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[casi] as we destroy iraq to save it

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maureen dowd is right on.the language of the vietnam era is resurrected. and
oh yes, the image of two american soldiers searching the pockets of an iraqi
youth, perhaps looking for rocks that he, like his palestinian cousin, will
throw at the tanks and humvees of the occupier.

October 30, 2003
Eyes Wide Shut

ASHINGTON — In the thick of the war with Iraq, President Bush used to pop out
of meetings to catch the Iraqi information minister slipcovering grim reality
with willful, idiotic optimism.
"He's my man," Mr. Bush laughingly told Tom Brokaw about the entertaining
contortions of Muhammad Said al-Sahhaf, a k a "Comical Ali" and "Baghdad Bob,"
who assured reporters, even as American tanks rumbled in, "There are no American
infidels in Baghdad. Never!" and, "We are winning this war, and we will win
the war. . . . This is for sure."
Now Crawford George has morphed into Baghdad Bob.
Speaking to reporters this week, Mr. Bush made the bizarre argument that the
worse things get in Iraq, the better news it is. "The more successful we are
on the ground, the more these killers will react," he said.
In the Panglossian Potomac, calamities happen for the best. One could almost
hear the doubletalk echo of that American officer in Vietnam who said: "It was
necessary to destroy the village in order to save it."
The war began with Bush illogic: false intelligence (from Niger to nuclear)
used to bolster a false casus belli (imminent threat to our security) based on
a quartet of false premises (that we could easily finish off Saddam and the
Baathists, scare the terrorists and democratize Iraq without leeching our
Now Bush illogic continues: The more Americans, Iraqis and aid workers who
get killed and wounded, the more it is a sign of American progress. The more
dangerous Iraq is, the safer the world is. The more troops we seem to need in
Iraq, the less we need to send more troops.
The harder it is to find Saddam, Osama and W.M.D., the less they mattered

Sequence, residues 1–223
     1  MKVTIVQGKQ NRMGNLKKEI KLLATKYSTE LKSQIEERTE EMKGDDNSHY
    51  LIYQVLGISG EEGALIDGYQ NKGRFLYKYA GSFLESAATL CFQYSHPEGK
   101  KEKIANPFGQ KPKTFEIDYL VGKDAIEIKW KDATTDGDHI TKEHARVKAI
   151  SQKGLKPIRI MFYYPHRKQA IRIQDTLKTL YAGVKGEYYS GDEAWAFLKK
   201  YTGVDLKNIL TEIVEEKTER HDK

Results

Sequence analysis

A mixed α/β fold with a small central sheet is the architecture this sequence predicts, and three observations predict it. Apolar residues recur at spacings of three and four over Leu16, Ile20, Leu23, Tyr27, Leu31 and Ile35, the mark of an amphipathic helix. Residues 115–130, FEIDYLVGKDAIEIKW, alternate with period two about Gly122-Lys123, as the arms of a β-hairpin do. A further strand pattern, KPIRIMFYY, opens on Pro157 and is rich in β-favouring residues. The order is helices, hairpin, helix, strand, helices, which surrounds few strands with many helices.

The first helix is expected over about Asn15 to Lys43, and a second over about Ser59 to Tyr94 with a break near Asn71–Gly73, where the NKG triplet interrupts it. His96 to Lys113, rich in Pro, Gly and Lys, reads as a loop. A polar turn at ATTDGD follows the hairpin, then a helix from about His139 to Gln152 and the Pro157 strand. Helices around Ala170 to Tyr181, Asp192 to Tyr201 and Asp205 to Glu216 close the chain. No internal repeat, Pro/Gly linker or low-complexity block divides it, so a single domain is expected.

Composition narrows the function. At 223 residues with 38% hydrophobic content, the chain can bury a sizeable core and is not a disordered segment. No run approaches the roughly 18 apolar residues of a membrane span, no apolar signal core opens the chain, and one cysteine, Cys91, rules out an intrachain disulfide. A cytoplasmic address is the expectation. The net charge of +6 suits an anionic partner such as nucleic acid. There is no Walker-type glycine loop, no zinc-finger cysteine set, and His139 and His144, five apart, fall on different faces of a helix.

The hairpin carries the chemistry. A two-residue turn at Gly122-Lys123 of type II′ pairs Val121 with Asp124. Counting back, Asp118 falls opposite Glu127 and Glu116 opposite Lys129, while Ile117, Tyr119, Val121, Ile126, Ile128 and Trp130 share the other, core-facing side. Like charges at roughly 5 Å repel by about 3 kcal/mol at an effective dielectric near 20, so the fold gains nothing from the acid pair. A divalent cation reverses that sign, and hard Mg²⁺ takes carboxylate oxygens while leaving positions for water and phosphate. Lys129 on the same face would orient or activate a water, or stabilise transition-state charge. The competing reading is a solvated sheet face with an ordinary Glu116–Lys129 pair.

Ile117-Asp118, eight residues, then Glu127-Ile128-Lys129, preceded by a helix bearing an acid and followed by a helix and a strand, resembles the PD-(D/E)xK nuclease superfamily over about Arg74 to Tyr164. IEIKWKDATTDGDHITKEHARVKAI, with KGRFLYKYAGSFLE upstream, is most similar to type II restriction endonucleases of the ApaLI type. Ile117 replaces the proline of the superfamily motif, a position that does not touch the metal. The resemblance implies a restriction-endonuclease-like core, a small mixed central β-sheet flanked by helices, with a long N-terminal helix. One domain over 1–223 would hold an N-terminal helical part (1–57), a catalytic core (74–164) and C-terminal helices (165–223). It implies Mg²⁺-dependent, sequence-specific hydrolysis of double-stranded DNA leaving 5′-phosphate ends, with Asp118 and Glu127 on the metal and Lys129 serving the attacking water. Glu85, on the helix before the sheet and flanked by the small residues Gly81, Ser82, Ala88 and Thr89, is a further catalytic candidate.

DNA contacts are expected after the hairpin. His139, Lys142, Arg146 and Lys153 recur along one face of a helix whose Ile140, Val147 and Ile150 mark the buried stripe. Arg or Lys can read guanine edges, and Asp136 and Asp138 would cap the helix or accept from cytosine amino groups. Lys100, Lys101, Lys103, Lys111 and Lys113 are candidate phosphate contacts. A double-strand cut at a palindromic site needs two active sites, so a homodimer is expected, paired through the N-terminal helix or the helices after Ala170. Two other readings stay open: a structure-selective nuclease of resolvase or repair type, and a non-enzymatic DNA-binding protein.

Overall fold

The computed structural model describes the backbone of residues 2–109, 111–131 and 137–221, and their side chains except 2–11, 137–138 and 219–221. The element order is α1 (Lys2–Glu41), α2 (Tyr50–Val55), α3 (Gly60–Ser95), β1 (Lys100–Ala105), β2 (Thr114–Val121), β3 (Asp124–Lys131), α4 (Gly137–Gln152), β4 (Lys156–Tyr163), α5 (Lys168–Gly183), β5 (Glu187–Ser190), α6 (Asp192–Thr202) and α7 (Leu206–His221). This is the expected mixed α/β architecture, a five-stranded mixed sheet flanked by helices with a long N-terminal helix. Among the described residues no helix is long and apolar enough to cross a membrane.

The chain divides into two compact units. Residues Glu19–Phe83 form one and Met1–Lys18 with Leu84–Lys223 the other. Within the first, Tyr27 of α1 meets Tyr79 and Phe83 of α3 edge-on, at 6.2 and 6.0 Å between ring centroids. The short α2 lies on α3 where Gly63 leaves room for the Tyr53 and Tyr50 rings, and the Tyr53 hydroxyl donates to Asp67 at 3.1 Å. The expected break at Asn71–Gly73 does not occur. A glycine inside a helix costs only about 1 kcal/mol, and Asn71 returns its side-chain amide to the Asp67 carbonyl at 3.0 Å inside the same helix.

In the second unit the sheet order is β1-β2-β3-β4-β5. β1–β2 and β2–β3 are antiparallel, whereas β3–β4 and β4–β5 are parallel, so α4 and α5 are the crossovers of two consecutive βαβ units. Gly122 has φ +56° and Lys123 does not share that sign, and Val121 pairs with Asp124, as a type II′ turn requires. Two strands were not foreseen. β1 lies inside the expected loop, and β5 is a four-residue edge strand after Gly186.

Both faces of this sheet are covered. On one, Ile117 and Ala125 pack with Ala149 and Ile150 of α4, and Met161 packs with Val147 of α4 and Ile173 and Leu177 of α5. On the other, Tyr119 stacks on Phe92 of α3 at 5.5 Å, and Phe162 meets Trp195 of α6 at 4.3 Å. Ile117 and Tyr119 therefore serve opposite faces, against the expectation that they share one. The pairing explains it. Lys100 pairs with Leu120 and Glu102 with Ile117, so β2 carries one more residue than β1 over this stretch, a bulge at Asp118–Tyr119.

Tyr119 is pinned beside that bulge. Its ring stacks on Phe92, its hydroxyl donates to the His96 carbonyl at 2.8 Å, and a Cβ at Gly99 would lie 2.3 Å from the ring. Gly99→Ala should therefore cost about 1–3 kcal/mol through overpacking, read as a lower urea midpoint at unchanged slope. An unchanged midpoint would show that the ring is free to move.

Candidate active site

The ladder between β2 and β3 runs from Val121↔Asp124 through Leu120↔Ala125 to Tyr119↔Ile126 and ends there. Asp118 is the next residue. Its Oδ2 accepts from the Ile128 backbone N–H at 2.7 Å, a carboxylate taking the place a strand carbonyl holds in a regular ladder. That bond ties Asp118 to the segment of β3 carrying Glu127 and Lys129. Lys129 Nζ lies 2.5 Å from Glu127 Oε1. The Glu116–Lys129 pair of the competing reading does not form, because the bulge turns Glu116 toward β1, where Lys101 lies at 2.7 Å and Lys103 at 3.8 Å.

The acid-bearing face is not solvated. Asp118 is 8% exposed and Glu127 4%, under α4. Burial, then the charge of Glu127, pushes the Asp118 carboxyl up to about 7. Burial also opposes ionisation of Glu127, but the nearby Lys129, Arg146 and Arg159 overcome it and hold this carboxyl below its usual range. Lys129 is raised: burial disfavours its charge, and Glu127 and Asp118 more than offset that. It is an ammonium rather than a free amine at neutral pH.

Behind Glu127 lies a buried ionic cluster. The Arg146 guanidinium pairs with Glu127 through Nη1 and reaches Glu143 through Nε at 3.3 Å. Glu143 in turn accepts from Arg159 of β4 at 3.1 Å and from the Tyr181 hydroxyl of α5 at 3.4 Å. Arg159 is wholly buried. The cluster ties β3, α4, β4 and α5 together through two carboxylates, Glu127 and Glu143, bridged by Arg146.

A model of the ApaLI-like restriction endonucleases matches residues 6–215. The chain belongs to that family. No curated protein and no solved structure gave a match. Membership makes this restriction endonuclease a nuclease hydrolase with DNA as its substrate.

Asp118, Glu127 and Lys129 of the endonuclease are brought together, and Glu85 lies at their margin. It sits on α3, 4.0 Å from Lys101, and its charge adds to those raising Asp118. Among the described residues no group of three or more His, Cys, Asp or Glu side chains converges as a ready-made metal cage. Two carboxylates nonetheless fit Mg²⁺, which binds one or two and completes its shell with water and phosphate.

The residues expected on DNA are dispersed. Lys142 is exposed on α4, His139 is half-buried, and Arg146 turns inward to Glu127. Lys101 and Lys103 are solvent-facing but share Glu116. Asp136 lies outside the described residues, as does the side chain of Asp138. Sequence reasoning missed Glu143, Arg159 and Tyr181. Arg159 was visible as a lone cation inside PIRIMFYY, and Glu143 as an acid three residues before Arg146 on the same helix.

anyhow. The more coordinated, intense and sophisticated the attacks on our
soldiers grow, the more "desperate" the enemy is.
In a briefing piped into the Pentagon on Monday from Tikrit, Maj. Gen.
Raymond Odierno called the insurgents "desperate" eight times. But it is Bush
officials who seem desperate when they curtain off reality. They don't even
understand the political utility of truth.
After admitting recently that Saddam had no connection to 9/11, the president
pounded his finger on his lectern on Tuesday, while vowing to stay in Iraq,
and said, "We must never forget the lessons of Sept. 11."
Mr. Bush looked buck-passy when he denied that the White House, which throws
up PowerPoint slogans behind his head on TV, was behind the "Mission
Accomplished" banner. And Donald Rumsfeld looked duplicitous when he acknowledged in a
private memo, after brusquely upbeat public briefings, that America was in for
a "long, hard slog" in Iraq and Afghanistan.
No juxtaposition is too absurd to stop Bush officials from insisting nothing
is wrong. Car bombs and a blitz of air-to-ground missiles turned Iraq into a
hideous tangle of ambulances, stretchers and dead bodies, just after Paul
Wolfowitz arrived there to showcase successes.
But the fear of young American soldiers who don't speak the language or
understand the culture, who don't know who's going to shoot at them, was captured
in a front-page picture in yesterday's Times: two soldiers leaning down to
search the pockets of one small Iraqi boy.
Mr. Bush, staring at the campaign hourglass, has ordered that the
"Iraqification" of security be speeded up, so Iraqi cannon fodder can replace American
sitting ducks. But Iraqification won't work any better than Vietnamization
unless the Bush crowd stops spinning.
Neil Sheehan, the Pulitzer Prize-winning author of "A Bright Shining Lie,"
recalls Robert McNamara making Wolfowitz-like trips to Vietnam, spotlighting
good news, yearning to pretend insecure areas were secure.
"McNamara was in a jeep in the Mekong Delta with an old Army colonel from
Texas named Dan Porter," Mr. Sheehan told me. "Porter told him, `Mr. Secretary,
we've got serious problems here that you're not getting. You ought to know what
they are.' And McNamara replied: `I don't want to hear about your problems. I
want to hear about your progress.' "
"If you want to be hoodwinked," Mr. Sheehan concludes, "it's easy."

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